If they are more or less the same circumference, that would be good.
10 oz or 285g small zucchini
3 small purple onions (not quite 4 1/2 oz or 125g total weight)
2 sprigs fresh thyme
9 small cherry tomatoes
Olive oil
Sea salt flakes
Black pepper
1 circle of short crust pie pastry (I used this recipe here.)

To serve: 3/4-1 oz or 25-30g Parmesan, freshly grated

Trim the hard green ends and the roots off of the leeks and then cut them into lengths of about one inch or two centimeters long.

Rinse them thoroughly in running water to get rid of any dirt that might be inside, but make sure to keep the pieces whole. Drain the water and set them on a towel to dry.

Add a good drizzle of olive oil to a stovetop pan, preferably one that is also ovenproof,  and place the leeks in the oil, running them around a little to make sure the whole bottom of the pan is oiled.

Rinse and trim the ends off of your zucchini. Cut them into lengths the same as the leeks.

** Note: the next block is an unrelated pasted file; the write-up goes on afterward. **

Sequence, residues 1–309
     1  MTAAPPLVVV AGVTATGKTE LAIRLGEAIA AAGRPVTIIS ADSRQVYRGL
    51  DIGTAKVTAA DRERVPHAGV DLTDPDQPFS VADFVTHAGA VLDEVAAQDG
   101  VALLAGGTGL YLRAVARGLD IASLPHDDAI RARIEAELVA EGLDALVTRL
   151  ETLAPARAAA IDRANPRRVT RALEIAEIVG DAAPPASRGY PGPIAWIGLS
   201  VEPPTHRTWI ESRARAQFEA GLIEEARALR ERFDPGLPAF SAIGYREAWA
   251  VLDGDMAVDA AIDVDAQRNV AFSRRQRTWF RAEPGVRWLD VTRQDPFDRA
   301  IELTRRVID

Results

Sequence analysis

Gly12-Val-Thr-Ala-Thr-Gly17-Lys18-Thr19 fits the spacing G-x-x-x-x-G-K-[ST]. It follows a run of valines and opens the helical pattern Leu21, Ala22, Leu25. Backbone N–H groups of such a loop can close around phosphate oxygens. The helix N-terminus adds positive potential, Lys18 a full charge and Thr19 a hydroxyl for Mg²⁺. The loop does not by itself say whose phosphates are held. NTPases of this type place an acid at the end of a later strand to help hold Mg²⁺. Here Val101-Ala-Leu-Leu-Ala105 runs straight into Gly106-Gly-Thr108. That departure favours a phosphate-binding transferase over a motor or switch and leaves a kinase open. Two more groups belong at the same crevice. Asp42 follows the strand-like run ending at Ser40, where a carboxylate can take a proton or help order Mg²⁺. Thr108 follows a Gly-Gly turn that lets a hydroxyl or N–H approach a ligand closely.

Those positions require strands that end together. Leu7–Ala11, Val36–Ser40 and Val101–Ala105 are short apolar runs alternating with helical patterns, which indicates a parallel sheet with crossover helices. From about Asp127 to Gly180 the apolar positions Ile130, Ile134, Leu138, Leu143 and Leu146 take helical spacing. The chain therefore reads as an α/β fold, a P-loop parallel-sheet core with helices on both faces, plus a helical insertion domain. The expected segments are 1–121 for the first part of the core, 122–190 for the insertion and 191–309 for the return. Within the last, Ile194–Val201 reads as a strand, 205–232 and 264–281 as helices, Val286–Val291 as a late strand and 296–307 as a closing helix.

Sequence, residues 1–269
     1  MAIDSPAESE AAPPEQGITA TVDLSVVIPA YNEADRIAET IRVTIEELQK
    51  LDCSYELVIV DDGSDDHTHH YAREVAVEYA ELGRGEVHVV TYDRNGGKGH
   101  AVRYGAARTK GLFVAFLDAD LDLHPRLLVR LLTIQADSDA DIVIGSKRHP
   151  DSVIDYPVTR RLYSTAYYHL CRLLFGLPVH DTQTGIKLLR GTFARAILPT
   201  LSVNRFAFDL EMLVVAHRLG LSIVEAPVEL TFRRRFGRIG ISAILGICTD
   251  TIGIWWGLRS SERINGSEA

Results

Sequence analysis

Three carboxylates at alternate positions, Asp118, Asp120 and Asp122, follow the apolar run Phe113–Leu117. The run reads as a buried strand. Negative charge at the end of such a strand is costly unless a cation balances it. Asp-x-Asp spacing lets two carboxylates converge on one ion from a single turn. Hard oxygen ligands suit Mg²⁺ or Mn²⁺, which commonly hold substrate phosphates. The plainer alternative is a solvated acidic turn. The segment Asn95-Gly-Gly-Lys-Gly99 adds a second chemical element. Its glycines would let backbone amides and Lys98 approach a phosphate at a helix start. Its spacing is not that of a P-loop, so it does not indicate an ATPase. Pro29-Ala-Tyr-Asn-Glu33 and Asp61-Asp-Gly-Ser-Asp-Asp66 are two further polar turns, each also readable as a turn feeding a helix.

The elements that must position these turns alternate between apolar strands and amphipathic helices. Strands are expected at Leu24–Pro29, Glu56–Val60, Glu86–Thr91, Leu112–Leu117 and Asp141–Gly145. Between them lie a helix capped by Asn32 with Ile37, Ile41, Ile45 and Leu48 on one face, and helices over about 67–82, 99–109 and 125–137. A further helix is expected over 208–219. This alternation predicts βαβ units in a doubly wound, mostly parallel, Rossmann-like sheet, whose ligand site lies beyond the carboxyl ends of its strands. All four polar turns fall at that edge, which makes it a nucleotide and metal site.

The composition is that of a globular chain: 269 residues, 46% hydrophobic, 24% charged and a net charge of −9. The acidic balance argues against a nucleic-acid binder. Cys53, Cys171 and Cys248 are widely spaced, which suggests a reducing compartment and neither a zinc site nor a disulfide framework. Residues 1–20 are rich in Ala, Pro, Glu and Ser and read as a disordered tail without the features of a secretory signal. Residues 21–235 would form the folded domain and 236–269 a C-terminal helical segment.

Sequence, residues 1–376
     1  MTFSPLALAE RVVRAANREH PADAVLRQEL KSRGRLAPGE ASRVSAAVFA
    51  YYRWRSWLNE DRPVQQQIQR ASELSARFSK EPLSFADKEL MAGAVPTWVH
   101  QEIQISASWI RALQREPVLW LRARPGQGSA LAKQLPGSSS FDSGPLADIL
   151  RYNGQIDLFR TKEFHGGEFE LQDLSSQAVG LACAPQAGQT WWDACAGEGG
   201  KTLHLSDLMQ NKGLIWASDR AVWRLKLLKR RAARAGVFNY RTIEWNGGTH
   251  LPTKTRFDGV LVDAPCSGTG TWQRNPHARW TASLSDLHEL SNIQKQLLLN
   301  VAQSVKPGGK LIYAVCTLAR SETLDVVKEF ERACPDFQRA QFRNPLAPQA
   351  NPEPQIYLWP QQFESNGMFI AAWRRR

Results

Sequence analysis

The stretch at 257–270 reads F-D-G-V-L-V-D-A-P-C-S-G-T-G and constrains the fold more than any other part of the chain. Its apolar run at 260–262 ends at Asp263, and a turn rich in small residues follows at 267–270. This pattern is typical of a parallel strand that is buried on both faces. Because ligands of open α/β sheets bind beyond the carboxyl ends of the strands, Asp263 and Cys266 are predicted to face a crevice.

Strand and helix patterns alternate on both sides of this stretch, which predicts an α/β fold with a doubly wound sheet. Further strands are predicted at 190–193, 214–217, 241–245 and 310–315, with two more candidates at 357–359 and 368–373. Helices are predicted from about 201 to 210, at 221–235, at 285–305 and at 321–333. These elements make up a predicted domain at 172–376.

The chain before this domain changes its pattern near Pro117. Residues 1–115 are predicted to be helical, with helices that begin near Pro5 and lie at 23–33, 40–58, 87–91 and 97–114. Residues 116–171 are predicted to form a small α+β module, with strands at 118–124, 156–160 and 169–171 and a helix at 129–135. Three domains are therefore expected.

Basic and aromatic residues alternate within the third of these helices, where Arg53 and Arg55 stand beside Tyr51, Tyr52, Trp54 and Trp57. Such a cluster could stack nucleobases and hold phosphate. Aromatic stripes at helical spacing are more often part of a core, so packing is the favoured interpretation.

Place them in the pan in and amongst the leeks.

Peel your purple onions and cut them into quarters, making sure to leave a bit of the core at the bottom of each piece. Place them in your pan, core side down, amongst the leeks and zucchini.

Put the pan on a medium fire and cook until the bottoms of the vegetables are beginning to brown. Check a piece of zucchini. It's less likely to fall apart.

Add in a good splash of water and pop a lid on the pan.

Allow the vegetables to steam for a few minutes. When you can poke a fork in the zucchini but still feel some resistance, take the lid off and let the moisture evaporate. Cook for a few more minutes or until the bottoms of the vegetables are nicely caramelized.

Carefully turn them over, trying to keep them upright in their places. I used a combination of a small spoon and tongs to make the turn. If your pan or its handle is not ovenproof, you can transfer the vegetables to a baking pan now. Make sure to oil the new pan and keep the vegetables brown side up.